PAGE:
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In the beginning of the 19th century, people didn’t even believe living species could become extinct. Thus, when Lewis and Clark explored the unknown American Northwest, Thomas Jefferson was surprised no live mastodon was found, even though their bones had been found in New York. In the following two centuries, scientists have uncovered countless fossil records that provide evidence of five major mass-extinction events in the last 540 million years. Moreover, scientists have estimated that more than 90% of all living species of plants and animals that ever lived are now extinct.
The world environment has not been constant. When a living species could not adapt to the changes in the environment, they died. New species have evolved to cope with a different environment. Throughout the history of earth, mass extinction events have occurred to various extent, but in a major mass-extinction event, at least half of all living species have died simultaneously or over a short time. Permian-Triassic, the largest extinction event, occurred 250 million years ago when only 5% of living species survived. Life on earth recovered with many new species. Dinosaurs, having lasted over 160 million years, disappeared in the fifth event that occurred 65 million years ago. The void left by the extinction of 76% of living organisms has been replaced mainly by mammals.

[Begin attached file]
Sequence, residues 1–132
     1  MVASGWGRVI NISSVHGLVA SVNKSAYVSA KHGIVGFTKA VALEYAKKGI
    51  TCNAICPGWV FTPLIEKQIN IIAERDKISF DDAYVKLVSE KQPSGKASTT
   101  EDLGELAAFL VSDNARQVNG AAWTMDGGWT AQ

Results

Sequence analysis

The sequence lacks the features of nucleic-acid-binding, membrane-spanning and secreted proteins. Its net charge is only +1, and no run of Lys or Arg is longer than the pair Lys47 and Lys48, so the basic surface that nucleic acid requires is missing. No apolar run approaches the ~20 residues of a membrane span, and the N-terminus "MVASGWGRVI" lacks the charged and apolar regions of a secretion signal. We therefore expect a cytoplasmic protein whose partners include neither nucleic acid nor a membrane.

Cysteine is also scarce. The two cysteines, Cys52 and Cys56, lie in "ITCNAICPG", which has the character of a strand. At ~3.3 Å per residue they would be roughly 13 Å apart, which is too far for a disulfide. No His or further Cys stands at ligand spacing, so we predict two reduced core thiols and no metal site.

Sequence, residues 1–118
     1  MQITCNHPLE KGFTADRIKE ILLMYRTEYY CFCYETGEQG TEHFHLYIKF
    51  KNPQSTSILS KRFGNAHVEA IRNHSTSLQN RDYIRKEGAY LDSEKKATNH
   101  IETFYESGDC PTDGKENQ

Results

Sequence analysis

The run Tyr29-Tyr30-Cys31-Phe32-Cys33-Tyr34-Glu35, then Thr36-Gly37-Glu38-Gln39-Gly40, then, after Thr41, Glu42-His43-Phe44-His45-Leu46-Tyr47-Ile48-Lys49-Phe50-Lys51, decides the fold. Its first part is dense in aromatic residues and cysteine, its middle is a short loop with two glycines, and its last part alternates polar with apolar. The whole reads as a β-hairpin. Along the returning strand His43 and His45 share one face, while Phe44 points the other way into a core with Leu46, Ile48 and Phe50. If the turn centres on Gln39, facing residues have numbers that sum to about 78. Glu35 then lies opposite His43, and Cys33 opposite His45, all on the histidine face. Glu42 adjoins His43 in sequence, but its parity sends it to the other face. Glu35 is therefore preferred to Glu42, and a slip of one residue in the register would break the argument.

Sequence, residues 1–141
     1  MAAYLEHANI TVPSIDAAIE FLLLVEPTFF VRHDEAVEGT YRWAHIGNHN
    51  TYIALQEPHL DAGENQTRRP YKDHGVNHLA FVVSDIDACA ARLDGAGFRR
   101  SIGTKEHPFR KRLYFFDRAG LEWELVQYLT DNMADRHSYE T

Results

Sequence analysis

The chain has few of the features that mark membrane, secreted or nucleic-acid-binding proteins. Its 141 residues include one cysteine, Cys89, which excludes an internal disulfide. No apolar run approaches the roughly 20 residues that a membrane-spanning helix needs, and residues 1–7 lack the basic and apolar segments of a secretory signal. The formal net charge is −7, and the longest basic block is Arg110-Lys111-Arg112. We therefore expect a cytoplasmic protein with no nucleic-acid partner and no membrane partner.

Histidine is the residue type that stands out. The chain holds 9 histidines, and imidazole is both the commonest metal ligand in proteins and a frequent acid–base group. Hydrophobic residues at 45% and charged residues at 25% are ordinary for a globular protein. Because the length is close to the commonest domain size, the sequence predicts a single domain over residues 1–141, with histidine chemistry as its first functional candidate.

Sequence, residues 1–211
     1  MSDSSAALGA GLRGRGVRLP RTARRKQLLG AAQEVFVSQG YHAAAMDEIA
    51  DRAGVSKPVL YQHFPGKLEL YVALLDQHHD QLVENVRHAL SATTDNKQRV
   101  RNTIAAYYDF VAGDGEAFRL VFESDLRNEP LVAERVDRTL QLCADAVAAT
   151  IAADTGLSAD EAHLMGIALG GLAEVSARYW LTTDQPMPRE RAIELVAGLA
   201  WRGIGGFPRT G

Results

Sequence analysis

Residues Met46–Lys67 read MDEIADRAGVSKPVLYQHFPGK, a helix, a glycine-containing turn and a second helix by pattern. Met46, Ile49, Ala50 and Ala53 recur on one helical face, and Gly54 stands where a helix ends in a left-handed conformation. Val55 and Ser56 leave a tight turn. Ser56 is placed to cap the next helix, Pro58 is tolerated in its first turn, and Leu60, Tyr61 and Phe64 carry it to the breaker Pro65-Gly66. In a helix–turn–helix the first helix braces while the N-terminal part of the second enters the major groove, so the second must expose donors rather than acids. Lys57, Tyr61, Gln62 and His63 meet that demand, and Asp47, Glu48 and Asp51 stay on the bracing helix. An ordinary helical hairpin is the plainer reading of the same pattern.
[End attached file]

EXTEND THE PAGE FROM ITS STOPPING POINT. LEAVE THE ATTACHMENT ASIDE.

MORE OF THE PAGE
What were the possible causes for these mass extinctions? Fossil records in stones and deep ice have been helpful as evidence of past events. From growth rings on plant fossils, chemicals found in rocks and ice and gases trapped in different depths of ice, scientists have theorized the conditions of ancient times. Earth’s climate has varied from ice age to tropical heat, and from steamy jungles to searing deserts. When such climate change occurred abruptly – either in the form of a global warming or cooling – animals and plants had no time to adapt, resulting in mass extinctions.
What were the causes for environmental changes? Volcanic super-eruption and asteroid collision could have created tons of debris into the atmosphere to block sunlight for many months, so plants and plant-eating creatures would quickly die. Such large disruptions could have unleashed toxic and heat-trapping gases that resulted in rapid global warming. Also, they could have led to tsunami and land movements which endangered living things. Other causes for extinction could have been the imbalance of quantities of gases – oxygen, CO2 and methane. Aerobic species needed oxygen to live. Excess CO2 and methane caused global warming, but their deficiency led to excess global cooling. Excess CO2 acidified sea water so that marine lives died off. The fall of sea level in glaciation and its rise in ice melt harmed living things, too.
The drastic changes in the environment in the earth’s past 540 million years have led to five major mass extinctions. By understanding the survival of living species requires a delicate balance of conditions in nature, we can evaluate, in the next installment, if world conditions forebode survival problems ahead for us.